Volume 75, Number 6 | June 29 - July 5, 2005

Stringer report urges reforms on community boards

By Lincoln Anderson

Staking out the boldest position yet on reforming community boards among the current crop of candidates running for Manhattan borough president, Scott Stringer recently released a detailed report with analysis and recommendations on how to improve the boards’ functioning.

“I thought it was important,” Stringer told The Villager. “Community activists kept asking me over the past few months, ‘What’s your plan for the community boards?’ I decided to do this report to let people know what kind of borough president I would be with regard to the community boards.”

Stringer said his report was not meant as a critique of the current borough president, C. Virginia Fields, but as a guide to improving the boards.

The 20-page document — described as the product of “exhaustive examination of the powers and flaws of community boards” — is titled “Elevating Citizen Government: A Blueprint To Reform and Empower Manhattan’s Community Boards.”

Among the report’s findings: the $2.6 million in total city funding given to Manhattan’s 12 community boards is distributed inequitably; most boards are not fully appointed with the requisite 50 members; conflicts of interest are going unaddressed; there have been numerous instances of unregistered lobbying and undisclosed lobbying; accountability of staff performance is uneven; and the appointment process of individuals to the boards is “highly politicized.”

Community boards are all-volunteer bodies that weigh in with advisory opinions on a host of issues from liquor licenses to variances for new development projects. The borough president appoints all 50 members of a board, though the local councilmembers recommend half of the appointments to the B.P.

The Upper West Side assemblymember said he felt strongly about “ad-hoc removals” of board members done seemingly without reason. He told The Villager he was familiar with the recent case on Greenwich Village’s Board 2, where Tobi Bergman and Jo Hamilton, two community activists with unblemished records on the board, were recently not reappointed, with no explanation given by Fields.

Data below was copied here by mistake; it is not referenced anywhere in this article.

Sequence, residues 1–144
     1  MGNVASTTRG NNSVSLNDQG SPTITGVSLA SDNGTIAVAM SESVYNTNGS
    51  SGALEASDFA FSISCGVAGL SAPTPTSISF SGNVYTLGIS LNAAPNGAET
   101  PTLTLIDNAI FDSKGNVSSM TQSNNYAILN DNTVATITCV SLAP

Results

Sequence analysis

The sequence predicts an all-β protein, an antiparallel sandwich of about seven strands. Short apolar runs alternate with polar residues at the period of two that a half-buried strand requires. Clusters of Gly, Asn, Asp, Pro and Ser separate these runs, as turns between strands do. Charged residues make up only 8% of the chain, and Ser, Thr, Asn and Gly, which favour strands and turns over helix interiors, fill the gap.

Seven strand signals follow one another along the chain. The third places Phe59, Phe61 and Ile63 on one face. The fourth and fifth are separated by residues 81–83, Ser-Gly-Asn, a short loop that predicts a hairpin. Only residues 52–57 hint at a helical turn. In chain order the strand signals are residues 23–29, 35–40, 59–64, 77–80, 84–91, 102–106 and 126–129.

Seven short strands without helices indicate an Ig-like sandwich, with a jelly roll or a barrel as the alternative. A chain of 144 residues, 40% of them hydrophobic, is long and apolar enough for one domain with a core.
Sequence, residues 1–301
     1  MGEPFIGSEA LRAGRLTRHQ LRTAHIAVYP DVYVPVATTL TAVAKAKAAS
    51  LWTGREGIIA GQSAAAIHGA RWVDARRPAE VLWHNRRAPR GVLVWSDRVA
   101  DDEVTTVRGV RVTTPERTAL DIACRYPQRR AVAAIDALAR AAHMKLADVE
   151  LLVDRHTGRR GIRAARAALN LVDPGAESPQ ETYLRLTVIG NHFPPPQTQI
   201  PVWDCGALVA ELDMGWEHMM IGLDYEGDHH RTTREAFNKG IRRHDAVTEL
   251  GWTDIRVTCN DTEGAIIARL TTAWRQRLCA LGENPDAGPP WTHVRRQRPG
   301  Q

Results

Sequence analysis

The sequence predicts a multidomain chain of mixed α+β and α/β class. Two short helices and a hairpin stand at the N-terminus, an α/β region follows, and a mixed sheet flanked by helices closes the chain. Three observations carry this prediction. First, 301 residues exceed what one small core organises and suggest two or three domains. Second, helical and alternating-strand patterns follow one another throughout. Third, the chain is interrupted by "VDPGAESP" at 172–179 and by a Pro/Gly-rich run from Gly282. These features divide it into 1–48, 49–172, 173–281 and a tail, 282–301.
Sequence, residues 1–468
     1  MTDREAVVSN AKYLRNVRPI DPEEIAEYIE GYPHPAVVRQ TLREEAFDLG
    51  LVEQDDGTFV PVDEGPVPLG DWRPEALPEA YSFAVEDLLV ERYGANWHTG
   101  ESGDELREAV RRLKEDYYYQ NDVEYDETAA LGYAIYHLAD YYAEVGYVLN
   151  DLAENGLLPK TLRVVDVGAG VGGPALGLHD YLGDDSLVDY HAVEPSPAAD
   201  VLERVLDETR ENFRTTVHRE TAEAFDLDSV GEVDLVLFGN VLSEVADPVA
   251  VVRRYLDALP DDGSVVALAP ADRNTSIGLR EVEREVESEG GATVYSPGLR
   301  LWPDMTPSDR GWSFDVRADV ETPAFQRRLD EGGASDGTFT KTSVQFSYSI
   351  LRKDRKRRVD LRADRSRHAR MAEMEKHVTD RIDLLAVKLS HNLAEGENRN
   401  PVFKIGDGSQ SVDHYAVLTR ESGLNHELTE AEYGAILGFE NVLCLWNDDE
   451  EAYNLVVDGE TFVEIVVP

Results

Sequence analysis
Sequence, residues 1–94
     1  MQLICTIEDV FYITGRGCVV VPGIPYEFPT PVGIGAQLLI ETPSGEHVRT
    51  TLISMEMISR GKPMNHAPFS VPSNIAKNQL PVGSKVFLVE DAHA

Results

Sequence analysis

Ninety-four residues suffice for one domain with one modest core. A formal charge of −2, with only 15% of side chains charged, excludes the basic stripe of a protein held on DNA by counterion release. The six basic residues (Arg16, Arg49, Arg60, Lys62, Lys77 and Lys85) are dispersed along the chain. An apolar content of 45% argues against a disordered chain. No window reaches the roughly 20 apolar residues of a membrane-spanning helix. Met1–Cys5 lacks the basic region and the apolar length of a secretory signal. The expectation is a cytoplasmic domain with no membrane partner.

“The membership appointment process is devoid of evaluative criteria,” the report states. “Most board members are active members of their community, yet politics still plays an important role in their appointment and reappointment, sometimes leading to ad hoc removals and unresponsive decision-making.”

As stated in the report, if elected, Stringer would support legislation forcing chairpersons of the boards and the boards’ individual committees to file financial disclosure reports with the city’s Conflicts of Interest Board, “enhancing their public accountability as community leaders.”

He also proposes the boards each hire an urban planner to support each board and initiate 197-a rezoning plans. It was not immediately clear, though, how the boards would pay for these planners out of the budget allotted them by the city, of if another staff position at each board would have to be cut to accommodate the planners.

Another recommendation of Stringer’s is to “professionalize the community board staffs.” As B.P., Stringer’s office would provide professional training to board staff members, set minimum performance requirements for each board office and require annual reports, “so every district receives the same equitable treatment and support.”